Are you noticing spots on your leaves or mushrooms growing around the trunk of your tree? Do your apples have unsightly brown blotches on them. Then they may have a fungal or bacterial disease and without proper treatment the tree could be permanently damaged or die. It’s important to be able to spot the disease early before it spreads and take proper action.
A fungal disease that affects hundreds of trees and shrubs. The fungus thrives on old logs and rotten stumps and helps with decay but healthy trees in close proximity can become infected by the spores. An infected tree may live several years with the infection but the slow progression of root rot makes the tree weaker and susceptible to strong winds. Signs of Armillaria Root Rot are yellowing leaves, branch/twig dieback, and mushrooms growing around the base.
Easily identified by hard, rough, black growths on tree branches, Black Knot infects cherry and plum trees. The fungus grows slow and can take a full season to become apparent. As it grows around the branch it strangles it resulting in poor fruit growth and stress on the tree. The disease is spread when the knot releases spores on rainy days and are carried on the wind to other trees. The best way to fight Black Knot is with a combination of pruning and fungicide.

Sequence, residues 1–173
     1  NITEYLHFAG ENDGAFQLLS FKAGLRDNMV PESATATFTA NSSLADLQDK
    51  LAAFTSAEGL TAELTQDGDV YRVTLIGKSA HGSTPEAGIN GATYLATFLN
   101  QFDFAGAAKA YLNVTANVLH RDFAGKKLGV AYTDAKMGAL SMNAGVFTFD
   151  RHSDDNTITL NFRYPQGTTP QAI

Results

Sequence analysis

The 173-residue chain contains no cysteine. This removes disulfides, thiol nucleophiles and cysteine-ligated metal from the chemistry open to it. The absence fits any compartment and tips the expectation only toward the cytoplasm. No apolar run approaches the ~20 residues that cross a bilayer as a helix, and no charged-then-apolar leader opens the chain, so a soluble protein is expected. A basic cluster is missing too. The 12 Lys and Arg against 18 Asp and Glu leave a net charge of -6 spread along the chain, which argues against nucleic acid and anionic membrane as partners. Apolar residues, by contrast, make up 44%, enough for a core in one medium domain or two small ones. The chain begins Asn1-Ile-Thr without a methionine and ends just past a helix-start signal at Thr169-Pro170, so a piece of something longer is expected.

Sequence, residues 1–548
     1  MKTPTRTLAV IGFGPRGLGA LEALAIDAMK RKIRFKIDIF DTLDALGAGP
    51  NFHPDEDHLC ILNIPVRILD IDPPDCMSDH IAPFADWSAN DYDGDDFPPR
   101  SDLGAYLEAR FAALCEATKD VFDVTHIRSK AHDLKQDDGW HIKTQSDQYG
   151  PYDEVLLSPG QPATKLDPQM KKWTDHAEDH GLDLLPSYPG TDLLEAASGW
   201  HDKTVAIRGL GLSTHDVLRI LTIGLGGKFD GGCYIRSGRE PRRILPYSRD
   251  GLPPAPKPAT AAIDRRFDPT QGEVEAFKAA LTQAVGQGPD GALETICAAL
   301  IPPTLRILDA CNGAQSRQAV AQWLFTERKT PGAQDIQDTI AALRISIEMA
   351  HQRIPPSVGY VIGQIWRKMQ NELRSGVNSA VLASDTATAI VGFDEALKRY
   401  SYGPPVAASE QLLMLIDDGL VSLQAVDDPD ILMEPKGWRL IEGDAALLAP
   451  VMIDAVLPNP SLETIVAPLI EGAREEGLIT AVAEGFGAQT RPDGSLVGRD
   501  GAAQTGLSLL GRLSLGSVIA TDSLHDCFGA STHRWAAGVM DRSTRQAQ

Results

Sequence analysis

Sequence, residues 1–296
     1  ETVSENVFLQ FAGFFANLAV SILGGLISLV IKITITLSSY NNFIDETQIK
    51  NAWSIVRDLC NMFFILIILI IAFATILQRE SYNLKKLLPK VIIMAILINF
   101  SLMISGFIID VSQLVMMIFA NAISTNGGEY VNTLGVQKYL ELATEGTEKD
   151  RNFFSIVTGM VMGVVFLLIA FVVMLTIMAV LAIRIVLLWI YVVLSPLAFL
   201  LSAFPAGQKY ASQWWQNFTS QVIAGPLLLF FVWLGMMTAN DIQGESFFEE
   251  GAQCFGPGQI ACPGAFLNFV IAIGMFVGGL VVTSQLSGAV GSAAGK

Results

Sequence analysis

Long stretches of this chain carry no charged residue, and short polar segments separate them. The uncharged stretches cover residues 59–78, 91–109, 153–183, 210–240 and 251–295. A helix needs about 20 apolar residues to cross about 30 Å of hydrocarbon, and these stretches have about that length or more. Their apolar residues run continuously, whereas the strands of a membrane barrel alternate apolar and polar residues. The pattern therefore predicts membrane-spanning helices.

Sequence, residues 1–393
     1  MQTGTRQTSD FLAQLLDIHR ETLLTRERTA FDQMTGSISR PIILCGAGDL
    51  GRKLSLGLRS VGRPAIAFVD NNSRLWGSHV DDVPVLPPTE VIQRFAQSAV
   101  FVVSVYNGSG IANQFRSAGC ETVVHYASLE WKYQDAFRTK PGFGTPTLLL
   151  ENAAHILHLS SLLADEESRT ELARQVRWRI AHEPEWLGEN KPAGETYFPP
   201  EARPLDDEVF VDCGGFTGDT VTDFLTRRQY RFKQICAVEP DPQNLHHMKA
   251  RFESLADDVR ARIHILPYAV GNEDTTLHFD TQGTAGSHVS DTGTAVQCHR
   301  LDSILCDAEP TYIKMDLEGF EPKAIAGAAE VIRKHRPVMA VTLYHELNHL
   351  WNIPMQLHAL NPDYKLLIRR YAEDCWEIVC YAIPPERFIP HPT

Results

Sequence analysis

A bacterial disease affecting cottonwood, elm, ash, box elder, aspen, poplar, and oak trees. It’s caused when sap oozes out of a tree through a wound caused by pruning, wood-boring, or natural cracks insects and is infected by the bacteria. The sap can turn toxic, bubbly, and have a bad odor. The bacteria grows on the sap and into the tree. Although permanent damage to the tree is uncommon, if the tree is under stress from other factors it can lead to leaf yellowing and dieback.
Another fungal disease affecting juniper, fir, hemlock among others. The fungus spreads in wet conditions caused by overwatering, poor drainage, and wet weather. Signs are reddish brown leaves and black spores at the base of needles. The fungus prefers to attack young, new growth and usually does not affect older growth.
Symptoms are first observed in spring as green or brown spots on the leaves of apple and crabapple trees. The spores are spread from leaf to leaf through dripping water when it rains or carried by the wind to other trees. Severely infected trees will lose foliage by mid-summer leaving them vulnerable to insects and other diseases. To prevent the spread of disease be sure to plant disease resistant varieties of apple trees.